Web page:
How to Create a Mission Statement
Why Do I Need a Mission Statement?
Your mission statement quickly provides information regarding your organization's core values and reason for being, and lets potential volunteers and donors know immediately whether this is an organization with which they would want to be associated.
- You will use it when telling others about your organization.
- You will put it in all your organization's brochures.
- It will help you in recruiting volunteers and board members.
- It will help you secure donations, especially corporate donations.
Why Is My Mission Statement So Important?
Many of the related laws are federal laws, enforced by the U.S. Internal Revenue Service. Some related laws will vary from state to state. If you are considering starting a private non-profit organization, a.k.a., a 501(c)3, you should do a lot of reading and research on the subject at both the federal level and that of your own state. Along the way, don't hesitate to pick the brain of anyone you know who has training and/or experience in this area.
After deciding to form a new organization, one of the first things you need to do is to learn how to create a mission statement. If you have decided to re-vamp an existing organization, whether non-profit or for-profit, one of the first things to do is to update your mission statement. A review of your core values will help you to see if your mission (purpose) has changed.
You should revisit this process every few years (at least every 3 to 5 years) to ensure that your mission statement still represents your primary purpose.
Other articles in this series are:
- Building a Non-profit Board of Directors (still a work-in-progress)
- Writing a Grant Proposal (still a work-in-progress)
In formal writing of this type (grant proposals, scientific journal articles, mission statements) there is something called elegance. In this context, it means saying as much as possible with as few words as possible.
What is a mission statement?
A mission statement is one sentence that will quickly and succintly tell anyone who reads it what the core values and purpose of your organization are.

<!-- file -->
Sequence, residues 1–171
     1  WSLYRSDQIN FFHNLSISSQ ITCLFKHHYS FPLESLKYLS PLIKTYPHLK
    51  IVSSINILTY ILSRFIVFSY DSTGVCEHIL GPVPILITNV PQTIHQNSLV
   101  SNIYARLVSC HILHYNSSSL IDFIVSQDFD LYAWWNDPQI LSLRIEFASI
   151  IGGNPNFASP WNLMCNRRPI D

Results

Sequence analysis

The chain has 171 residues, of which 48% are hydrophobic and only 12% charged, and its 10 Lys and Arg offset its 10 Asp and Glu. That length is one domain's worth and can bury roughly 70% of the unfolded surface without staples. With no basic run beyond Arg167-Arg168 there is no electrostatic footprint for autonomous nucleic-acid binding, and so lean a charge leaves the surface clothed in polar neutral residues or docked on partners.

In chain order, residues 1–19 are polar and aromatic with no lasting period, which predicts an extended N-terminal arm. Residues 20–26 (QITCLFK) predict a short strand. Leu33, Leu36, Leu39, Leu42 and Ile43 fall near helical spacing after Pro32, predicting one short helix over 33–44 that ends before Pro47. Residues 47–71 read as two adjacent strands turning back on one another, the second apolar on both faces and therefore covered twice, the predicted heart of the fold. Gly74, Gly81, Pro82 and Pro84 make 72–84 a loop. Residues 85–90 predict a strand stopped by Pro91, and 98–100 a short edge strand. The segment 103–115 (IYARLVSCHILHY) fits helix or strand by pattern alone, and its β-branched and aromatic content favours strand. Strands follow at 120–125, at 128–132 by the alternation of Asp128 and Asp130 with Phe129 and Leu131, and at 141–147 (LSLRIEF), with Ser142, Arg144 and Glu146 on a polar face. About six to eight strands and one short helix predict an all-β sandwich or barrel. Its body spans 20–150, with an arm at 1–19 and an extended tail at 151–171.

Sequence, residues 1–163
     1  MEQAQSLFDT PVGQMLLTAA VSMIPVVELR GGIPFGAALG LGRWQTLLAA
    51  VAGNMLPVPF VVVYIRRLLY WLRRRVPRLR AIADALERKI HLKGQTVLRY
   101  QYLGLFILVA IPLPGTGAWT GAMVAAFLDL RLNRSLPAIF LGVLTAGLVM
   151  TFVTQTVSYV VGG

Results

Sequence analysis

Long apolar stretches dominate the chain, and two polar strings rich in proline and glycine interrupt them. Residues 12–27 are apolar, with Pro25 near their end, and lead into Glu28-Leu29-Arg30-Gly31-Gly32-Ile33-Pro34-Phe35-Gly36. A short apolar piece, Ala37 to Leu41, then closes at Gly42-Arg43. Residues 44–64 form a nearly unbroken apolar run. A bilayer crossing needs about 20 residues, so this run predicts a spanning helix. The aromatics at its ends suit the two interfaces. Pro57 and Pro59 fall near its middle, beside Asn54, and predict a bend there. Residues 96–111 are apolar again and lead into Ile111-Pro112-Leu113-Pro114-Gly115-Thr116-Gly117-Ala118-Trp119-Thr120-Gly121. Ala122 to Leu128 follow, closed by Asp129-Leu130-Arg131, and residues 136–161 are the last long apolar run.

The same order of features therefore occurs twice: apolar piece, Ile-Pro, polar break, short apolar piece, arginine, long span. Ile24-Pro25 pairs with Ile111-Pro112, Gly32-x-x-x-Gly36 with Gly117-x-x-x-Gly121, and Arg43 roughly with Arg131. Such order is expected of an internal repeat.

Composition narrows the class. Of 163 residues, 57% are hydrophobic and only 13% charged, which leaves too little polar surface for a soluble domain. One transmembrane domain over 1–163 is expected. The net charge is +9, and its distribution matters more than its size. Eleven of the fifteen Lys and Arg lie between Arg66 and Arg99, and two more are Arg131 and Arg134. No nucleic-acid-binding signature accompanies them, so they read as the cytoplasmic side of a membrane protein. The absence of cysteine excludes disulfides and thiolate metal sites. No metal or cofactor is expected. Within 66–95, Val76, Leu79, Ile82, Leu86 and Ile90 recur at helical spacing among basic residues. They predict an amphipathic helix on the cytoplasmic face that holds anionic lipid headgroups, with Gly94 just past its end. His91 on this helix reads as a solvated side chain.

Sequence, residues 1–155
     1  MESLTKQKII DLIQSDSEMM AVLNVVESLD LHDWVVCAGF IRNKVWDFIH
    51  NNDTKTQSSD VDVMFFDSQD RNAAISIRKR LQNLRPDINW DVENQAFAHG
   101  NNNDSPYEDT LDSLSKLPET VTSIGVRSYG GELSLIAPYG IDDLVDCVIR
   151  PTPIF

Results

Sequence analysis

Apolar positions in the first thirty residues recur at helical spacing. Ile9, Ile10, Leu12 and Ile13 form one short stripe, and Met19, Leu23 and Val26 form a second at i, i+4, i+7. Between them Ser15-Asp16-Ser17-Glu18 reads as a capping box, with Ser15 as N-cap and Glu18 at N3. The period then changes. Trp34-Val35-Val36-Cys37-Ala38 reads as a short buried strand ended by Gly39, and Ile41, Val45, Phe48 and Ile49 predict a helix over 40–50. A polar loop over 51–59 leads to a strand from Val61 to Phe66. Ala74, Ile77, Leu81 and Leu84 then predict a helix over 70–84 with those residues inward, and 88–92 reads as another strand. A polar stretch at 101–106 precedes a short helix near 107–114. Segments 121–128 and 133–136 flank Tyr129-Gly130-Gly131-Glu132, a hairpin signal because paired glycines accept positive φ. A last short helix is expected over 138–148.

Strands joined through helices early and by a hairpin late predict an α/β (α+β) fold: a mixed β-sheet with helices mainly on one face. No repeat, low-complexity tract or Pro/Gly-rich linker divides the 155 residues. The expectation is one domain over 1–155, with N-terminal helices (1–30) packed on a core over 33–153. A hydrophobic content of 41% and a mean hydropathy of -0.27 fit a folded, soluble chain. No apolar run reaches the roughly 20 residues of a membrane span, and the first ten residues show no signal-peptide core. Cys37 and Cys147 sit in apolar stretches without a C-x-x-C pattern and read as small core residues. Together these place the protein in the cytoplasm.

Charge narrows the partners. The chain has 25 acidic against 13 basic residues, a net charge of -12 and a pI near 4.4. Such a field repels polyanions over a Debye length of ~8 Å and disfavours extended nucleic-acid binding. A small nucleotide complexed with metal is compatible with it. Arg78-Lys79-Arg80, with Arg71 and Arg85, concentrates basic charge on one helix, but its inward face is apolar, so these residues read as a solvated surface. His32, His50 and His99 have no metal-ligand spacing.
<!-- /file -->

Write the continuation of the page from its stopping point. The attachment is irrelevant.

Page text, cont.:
It should be written in one of two ways:
1. The mission of XYX organization is to ...
2. Mission Statement: to ...
There should be no exceptions to this rule, but there are. I've seen multi-sentence paragraphs called mission statements. The word "statement" is not plural. I've seen bulleted lists of items full of semi-colons, with a period at the end; thus, making it technically one sentence. Actually, it was a run-on sentence, because it went on, and on.... This is not the place to go on and on about the purpose or good qualities of your organization. Save that for your brochure, newsletter, annual reports, grant proposals, and donor request letters.
I have seen a few written as "Our mission is to..." This is also incorrect, as formal writing of this type should always be in third person, that is, no use of the pronouns "I, we, our," etc.
Worse, I've seen what is actually a description of the organization referred to as a mission statement. This is not the place to describe your church, school, human-service, or arts organization. It is the place to offer a specific, narrowly-focused statement of the reason your organization exists.
The word "statement"
is not plural.— Maria
The most important things are to be brief and to the point while also being accurate; and to use plain, easy-to-understand language. This is not the place to include industry-specific jargon that your potential donors or volunteers may not understand.
Take this poll about mission statements.
My organization's mission statement:
Don't forget to present your new mission statement to your board (if you already have one) or to your planning committee (if you're just now forming an organization) for their approval.
Thank you for visiting this page. I hope you find it to be informative and helpful; and if you're starting a non-profit, the best of luck to you.
Again, please read as much as you can of the many resources that are available online and in print while you work through this process. While it can be time-consuming and tiresome, it can also be very rewarding, and of great benefit to your organization. I have provided the basics for writing your mission statement -- now get to work!
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© 2011 MariaMontgomery